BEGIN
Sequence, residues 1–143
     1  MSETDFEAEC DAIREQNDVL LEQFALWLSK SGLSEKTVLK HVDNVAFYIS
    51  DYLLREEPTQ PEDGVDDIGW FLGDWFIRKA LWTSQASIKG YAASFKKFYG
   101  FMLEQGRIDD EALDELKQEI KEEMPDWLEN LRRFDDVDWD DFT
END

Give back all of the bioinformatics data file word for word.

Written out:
Sequence, residues 1–143
     1  MSETDFEAEC DAIREQNDVL LEQFALWLSK SGLSEKTVLK HVDNVAFYIS
    51  DYLLREEPTQ PEDGVDDIGW FLGDWFIRKA LWTSQASIKG YAASFKKFYG
   101  FMLEQGRIDD EALDELKQEI KEEMPDWLEN LRRFDDVDWD DFT